Biomarkers in Wave III of the Add Health Study Public Deposited

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Creator
  • Morris, Martina
    • Other Affiliation: University of Washington
  • Cohen, Myron
    • Affiliation: School of Medicine, Department of Microbiology and Immunology, Gillings School of Global Public Health, Department of Epidemiology
  • Holmes, King K.
    • Other Affiliation: University of Washington
  • Udry, J. Richard
  • Kiviat, Nancy B.
    • Other Affiliation: University of Washington
  • Tabor, Joyce W.
    • Affiliation: Carolina Population Center
  • Feng, Qinghua
    • Other Affiliation: University of Washington
  • Hobbs, Marcia
    • Affiliation: School of Medicine, Department of Microbiology and Immunology
  • Smolen, Andrew
    • Other Affiliation: Institute for Behavioral Genetics, University of Colorado
  • Harris, Kathleen Mullan
    • Affiliation: College of Arts and Sciences, Department of Sociology
  • Schmitz, John L.
    • Affiliation: School of Medicine, Department of Microbiology and Immunology
  • Manhart, Lisa E.
    • Other Affiliation: University of Washington
  • Ford, Carol A.
  • Totten, Patricia A.
    • Other Affiliation: University of Washington
  • Miller, William
    • Affiliation: Gillings School of Global Public Health, Department of Epidemiology
  • Hewitt, John K.
    • Other Affiliation: Institute for Behavioral Genetics, University of Colorado
  • Florey, Francesca A.
    • Affiliation: Carolina Population Center
Abstract
  • One of the many unique features of Wave III of the Add Health Study was the collection of biological samples. These biological samples permitted the identification of individuals with sexually transmitted infections [STI] (including HIV), and genotype ascertainment for pairs of full-siblings or twins who resided in the same households. The STI testing allows for analyses of individual, household, family, and environmental risk factors for laboratory-confirmed sexually transmitted infections (versus self-report), and the genetic sample facilitates analyses that differentiate between parental, social, and genetic influence, as well as the extent to which genetic differences in neurotransmitter function are associated with a wide range of behaviors. The inclusion of these biomarker data requires special considerations in the analysis of Wave III Add Health data. Thus, the purpose of this monograph is to outline relevant procedures, design, and sampling schemes used in the collection of biomarker data, and to serve as a user’s guide for its analysis and interpretation. The monograph is intended to supplement existing descriptions of the Add Health study, rather than to replace them. Therefore, please refer to the web pages describing the Add Health Study design for more extensive detail on the study (www.cpc.unc.edu/addhealth) and the sampling weights necessary to work with the data (www.cpc.unc.edu/addhealth/codebooks/wave3). Issues that require special consideration include sample design (e.g., who was selected for each type of biomarker test), specimen collection, laboratory methods, and laboratory test performance. Each of these themes is described in separate chapters to this monograph, but should be viewed as complementary to each other.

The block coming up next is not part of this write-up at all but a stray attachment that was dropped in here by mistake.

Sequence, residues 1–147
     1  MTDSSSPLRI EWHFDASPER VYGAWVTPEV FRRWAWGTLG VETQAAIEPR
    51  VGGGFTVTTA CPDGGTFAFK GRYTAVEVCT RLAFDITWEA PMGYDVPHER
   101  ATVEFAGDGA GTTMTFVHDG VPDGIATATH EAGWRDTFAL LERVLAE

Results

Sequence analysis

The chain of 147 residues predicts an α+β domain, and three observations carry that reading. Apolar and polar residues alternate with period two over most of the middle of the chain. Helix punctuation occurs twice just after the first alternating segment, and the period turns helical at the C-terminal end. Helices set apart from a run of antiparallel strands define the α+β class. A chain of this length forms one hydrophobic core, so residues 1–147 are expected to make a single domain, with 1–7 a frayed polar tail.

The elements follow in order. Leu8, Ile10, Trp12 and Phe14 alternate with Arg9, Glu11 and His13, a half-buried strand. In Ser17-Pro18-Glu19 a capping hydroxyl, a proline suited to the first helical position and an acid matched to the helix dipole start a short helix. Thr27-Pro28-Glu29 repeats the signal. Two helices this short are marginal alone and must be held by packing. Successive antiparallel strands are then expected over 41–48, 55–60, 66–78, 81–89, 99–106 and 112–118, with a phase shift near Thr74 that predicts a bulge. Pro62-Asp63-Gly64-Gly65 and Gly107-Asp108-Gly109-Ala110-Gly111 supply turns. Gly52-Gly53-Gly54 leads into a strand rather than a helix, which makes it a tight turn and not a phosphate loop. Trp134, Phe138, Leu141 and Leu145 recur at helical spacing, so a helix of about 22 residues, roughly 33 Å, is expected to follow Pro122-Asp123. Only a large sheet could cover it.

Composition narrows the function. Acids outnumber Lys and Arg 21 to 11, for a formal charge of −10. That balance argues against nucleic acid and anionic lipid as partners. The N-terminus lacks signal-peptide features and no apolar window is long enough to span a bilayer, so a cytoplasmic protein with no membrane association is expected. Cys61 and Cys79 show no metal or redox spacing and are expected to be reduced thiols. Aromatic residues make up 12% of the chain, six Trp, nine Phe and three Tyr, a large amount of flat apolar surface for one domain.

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Resource type
  • Report
Rights statement
  • In Copyright
Language
  • English
Digital collection
  • National Longitudinal Study of Adolescent to Adult Health (Add Health)
Extent
  • 57 pp
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